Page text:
"I am proud that I have found my own, very personal imaginative way of decorating. I was raised in the love of Polish literature and history of art. In such an atmosphere there develops the sensitivity to beauty and curiosity about the world. Dear to me are both Impressionism with its ephemerally of feelings and Art Nouveau with its anxiety and asymmetry. I think that designing and searching for new, universal decorations for different works of pottery is a commercial form of taking from the heritage of Young Poland, a trend in the Polish literature of the turn of the 20th century in which the border between art and craft was obliterated." ~Maryla Iwicka, Master Signature Artist

about this Polish Pottery!
Before moving to Aberdeen I had never heard of such a thing.
 Many natives of Poland live in the UK so I have become aware of highly educated people who are living away from their homeland,
taking manual labor jobs to support their families back in Poland.

I am, on the other hand, quite familiar with pottery.
My home in Texas is filled with Talavera treasures acquired while living in Mexico, 
but who knew there were more colorful creations just waiting on the shelves of factory…
after factory
after factory,
in what used to be the small town of Bunzlau, Germany 
and now the city of Boleslawiec, Poland, 
known as the 'ceramics city'.

But I am getting ahead of myself.
Waking up way too early,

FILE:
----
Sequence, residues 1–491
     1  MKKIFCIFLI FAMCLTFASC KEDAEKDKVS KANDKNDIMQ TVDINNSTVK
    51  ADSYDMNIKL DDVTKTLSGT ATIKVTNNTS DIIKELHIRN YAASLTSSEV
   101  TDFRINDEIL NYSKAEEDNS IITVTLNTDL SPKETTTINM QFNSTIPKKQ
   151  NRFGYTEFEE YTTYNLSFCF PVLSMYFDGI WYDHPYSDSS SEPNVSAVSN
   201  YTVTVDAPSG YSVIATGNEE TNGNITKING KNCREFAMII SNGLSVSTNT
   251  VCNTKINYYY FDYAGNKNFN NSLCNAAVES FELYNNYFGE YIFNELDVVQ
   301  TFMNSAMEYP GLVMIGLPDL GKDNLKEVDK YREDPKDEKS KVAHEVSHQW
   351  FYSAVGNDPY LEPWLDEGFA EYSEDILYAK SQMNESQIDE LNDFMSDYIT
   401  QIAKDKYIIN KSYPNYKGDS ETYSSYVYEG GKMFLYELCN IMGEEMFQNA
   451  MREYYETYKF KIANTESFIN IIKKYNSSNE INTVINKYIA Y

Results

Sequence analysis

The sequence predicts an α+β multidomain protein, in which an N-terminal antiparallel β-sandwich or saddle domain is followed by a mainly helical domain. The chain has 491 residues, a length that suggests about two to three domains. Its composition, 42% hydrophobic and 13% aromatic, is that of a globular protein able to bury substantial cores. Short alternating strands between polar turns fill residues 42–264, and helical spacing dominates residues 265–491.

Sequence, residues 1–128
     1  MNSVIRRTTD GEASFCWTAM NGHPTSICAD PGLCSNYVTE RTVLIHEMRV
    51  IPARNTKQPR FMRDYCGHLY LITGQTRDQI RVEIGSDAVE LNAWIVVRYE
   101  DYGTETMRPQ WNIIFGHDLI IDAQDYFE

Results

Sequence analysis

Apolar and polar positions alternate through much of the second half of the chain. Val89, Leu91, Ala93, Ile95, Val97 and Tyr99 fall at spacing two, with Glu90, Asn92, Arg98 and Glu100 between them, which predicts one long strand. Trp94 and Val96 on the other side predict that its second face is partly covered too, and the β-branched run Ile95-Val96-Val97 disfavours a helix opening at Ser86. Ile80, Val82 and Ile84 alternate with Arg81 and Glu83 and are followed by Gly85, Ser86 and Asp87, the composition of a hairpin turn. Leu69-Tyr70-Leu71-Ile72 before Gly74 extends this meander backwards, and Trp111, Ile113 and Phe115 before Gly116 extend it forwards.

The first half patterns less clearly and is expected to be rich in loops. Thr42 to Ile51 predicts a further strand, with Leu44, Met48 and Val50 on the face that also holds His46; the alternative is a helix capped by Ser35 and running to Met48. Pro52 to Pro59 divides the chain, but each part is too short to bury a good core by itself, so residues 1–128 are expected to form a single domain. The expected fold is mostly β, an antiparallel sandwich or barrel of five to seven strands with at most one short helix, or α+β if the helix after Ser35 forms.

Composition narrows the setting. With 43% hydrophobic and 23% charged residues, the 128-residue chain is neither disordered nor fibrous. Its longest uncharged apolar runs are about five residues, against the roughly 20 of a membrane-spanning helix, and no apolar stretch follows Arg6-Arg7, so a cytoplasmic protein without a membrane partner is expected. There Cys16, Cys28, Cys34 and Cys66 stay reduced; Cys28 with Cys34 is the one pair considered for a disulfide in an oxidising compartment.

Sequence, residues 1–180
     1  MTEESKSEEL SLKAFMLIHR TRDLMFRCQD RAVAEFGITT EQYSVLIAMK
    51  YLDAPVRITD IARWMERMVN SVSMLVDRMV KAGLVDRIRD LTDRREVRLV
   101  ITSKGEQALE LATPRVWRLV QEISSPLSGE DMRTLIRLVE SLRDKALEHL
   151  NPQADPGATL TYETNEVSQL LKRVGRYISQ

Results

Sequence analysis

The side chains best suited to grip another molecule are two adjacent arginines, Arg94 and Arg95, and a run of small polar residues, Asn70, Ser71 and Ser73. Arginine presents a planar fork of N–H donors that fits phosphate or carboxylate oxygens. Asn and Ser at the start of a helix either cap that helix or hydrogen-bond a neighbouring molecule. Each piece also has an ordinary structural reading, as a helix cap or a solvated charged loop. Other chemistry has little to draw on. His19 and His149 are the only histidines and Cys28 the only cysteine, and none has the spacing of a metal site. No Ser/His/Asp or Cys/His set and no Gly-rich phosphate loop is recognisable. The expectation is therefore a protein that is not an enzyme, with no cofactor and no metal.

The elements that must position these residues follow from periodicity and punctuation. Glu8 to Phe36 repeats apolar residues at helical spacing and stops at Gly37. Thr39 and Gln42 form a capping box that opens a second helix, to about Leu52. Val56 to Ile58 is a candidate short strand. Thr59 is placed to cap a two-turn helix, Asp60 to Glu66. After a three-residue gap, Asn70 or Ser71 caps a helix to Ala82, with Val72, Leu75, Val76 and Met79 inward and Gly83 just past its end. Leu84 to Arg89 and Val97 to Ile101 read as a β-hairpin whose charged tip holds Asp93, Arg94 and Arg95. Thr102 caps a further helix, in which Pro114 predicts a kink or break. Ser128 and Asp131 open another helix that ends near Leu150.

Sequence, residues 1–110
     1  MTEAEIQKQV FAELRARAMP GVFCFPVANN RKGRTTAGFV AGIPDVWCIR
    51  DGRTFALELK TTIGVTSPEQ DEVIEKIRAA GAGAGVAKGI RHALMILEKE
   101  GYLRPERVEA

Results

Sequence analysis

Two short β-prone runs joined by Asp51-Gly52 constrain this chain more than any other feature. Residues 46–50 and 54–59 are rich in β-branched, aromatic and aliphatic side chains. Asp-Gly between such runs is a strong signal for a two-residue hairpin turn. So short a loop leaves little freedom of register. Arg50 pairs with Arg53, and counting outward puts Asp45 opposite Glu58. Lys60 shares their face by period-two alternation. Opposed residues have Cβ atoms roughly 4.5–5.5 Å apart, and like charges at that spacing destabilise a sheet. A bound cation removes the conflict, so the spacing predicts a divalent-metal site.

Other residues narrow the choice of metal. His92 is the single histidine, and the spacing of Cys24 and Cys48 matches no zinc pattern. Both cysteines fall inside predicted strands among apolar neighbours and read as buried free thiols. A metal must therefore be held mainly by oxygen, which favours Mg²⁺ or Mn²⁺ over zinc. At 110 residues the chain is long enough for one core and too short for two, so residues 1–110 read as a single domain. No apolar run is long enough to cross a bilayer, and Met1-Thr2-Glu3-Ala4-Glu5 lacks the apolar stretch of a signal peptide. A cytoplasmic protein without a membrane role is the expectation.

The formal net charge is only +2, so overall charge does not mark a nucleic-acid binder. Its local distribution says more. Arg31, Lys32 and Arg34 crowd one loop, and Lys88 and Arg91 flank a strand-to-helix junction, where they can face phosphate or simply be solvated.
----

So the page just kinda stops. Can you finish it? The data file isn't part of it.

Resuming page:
before the crack of dawn,
was the price we were willing to pay for an additional afternoon of shopping.
The airport in Frankfurt provided sustenance…
and a random surprise realization that my favorite hosiery was born in nearby Austria.

Our flight into Dresden took us even closer to our final destination…
where we picked up the perfect vehicle for all of our shopping needs.
Our men back home were a wee bit jealous of our ride 
and a few heads turned in town 
as six ladies with one solitary goal 
moved through the city with precision,
due to our excellent navigator and driver.
Thanks Susan and Jillian!

What began as simple dots…
known as the "Pfauenauge", or "Peacocks Eye"...
over the years has become…
and a feast for the eyes.

We were fortunate to see the pottery in its beginning stages…
before being placed on a shelf to wait…
for one of the artists…
 to choose their next canvas.
Some pieces are signed by the more famous craftsmen.

Needless to say,
each afternoon,
we shopped until the sun was setting
beyond the rooftops, 
as if beckoning us to enjoy the other factories on the horizon.

Happy Tuesday.

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